In our first installment of how to Live Rich with Less Stuff, we discussed what “rich” means. The definition of living rich is different for different people. The family man with six children to feed probably needs more stuff than the single person, and the person living in a warmer climate needs different stuff than the person living in Alaska.
There are so many benefits to living with less stuff! To begin with, having lots of stuff requires lots of room to keep it in, which may mean living in a bigger house than you really need. If your house seems overcrowded and you’re thinking you have to move to a bigger place to have somewhere to put all your stuff, maybe you don’t really need a bigger house. Maybe you just need less stuff. After all, a bigger house means bigger house payments, bigger utility bills, bigger property taxes, more furniture to fill all those rooms up with, and therefore more rooms to clean. Do you really need a bigger house? Do you really want to spend more time cleaning your house? With less stuff and a smaller place to keep it all, you can spend less money every month, and less time taking care of all that stuff. More time in your schedule and more money in your pocket; two big benefits to living with less stuff.
Another benefit to living with less stuff is that your life suddenly becomes more simplified. With less clothes in your closet, for instance, getting dressed in the morning is a lot simpler! One of the places a lot of people start when deciding to simplify their lives is simplifying their clothing choices. Most people find that when they take inventory of their overstuffed closets, what they find are more outfits than they wear on a regular basis. Closets are a great place to start getting rid of stuff, and the rewards are immediate. Imagine clearing out half your closet in a weekend, getting your clothes down to what you like, what actually fits you right now, what looks good, and what feels good on your body. Imagine getting rid of all the things you think you might wear one day, and honing in on your “go to” outfits. There’s a reason most of us wear the same things over and over again; we like them! Getting rid of the excess clothes in your closets can benefit both you and someone else. Consider your local homeless shelter, day care, or thrift store. Or, if you’re ambitious enough and looking for a little extra cash, hold a garage sale. The neighbors get your extra clothes, you get their extra cash.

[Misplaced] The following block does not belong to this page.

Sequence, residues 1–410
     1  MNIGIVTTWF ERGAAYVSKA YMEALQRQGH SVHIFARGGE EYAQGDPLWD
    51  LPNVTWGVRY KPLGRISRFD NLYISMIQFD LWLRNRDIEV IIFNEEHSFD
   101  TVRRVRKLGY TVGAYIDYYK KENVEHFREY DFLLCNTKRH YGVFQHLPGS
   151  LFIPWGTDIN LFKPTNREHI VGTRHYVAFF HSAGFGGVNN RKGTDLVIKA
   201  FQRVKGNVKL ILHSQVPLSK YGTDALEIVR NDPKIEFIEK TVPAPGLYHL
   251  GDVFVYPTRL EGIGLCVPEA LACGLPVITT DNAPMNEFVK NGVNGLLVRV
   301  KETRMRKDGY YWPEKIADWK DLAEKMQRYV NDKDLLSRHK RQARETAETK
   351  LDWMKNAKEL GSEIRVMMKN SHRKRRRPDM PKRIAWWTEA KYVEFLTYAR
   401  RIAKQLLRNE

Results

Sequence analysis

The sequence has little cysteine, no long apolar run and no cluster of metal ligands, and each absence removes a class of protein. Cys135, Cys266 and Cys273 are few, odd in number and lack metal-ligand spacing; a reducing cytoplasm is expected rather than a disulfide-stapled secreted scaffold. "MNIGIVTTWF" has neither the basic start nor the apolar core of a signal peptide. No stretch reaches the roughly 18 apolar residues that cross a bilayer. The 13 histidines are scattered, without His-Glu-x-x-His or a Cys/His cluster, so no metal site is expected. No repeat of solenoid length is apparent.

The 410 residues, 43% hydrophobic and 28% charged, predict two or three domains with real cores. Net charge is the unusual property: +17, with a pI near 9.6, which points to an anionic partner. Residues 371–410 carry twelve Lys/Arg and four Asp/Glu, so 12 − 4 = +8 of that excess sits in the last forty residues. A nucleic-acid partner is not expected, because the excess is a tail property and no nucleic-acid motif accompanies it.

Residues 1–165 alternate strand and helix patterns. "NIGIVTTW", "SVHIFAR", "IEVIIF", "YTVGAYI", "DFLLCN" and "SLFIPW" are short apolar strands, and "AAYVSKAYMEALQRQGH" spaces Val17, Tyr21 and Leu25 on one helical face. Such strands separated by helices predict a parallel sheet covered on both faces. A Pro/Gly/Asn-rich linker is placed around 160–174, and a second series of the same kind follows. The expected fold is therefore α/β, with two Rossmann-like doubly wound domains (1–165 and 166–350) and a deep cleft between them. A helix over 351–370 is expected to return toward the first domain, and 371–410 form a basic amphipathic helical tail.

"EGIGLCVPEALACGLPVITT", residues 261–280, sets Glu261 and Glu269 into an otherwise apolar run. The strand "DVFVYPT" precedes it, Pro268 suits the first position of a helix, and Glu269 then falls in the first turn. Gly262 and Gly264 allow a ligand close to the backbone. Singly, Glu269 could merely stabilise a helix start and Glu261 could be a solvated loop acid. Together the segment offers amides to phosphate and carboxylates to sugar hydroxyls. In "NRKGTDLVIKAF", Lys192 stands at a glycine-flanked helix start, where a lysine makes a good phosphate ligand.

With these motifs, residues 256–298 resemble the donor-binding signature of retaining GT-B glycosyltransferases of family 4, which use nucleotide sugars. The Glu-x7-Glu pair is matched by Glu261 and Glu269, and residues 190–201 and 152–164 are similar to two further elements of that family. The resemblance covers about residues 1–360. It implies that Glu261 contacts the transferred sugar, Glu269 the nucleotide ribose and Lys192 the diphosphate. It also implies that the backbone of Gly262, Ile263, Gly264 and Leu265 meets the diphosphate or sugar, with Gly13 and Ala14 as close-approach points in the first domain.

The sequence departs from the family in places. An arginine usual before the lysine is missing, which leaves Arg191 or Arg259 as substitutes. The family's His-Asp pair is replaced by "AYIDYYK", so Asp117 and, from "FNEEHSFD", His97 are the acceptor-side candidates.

In addition to more time, money, and space in your closet, there are intangible benefits to minimizing the stuff in your life, such as less mental stress, less anxiety, better quality sleep, and more peace of mind. Is there debt that’s been weighing you down? Trading in your expensive car and scaling back with a less expensive one can free up money you would normally spend on a big car payment, a large insurance bill, and costly repairs and free up that extra money to put toward paying down your debt faster. Can you picture how great you’d feel without any debt at all? No more “easy monthly payments” for the rest of your life…now that’s living rich!
We hope you’re starting to see how embarking on the journey to living rich with less stuff could have multiple benefits. As we stated in part one of this series, it isn’t just about the “stuff” but that’s a great place to start when gaining an understanding of the concept of minimalism. The purpose of ridding yourself of excess stuff is to make room for what is truly important; to make room for the stuff that adds real value to your life and get rid of everything else. Imagine a life where you keep only the things you use, enjoy, and truly need to live your best life.
Minimalism allows you to get the excess stuff out of your life and out of your way, so that you can figure out what is truly important in your life. The point of living with less stuff is that less material possessions to look after, take care of, keep track of, and worry about replacing frees you up to focus on the other stuff, the truly important stuff. The stuff that really matters. In the next installment of our series on how to Live Rich with Less Stuff, we’ll share some of the first steps you can take on the road to embracing minimalism as a lifestyle.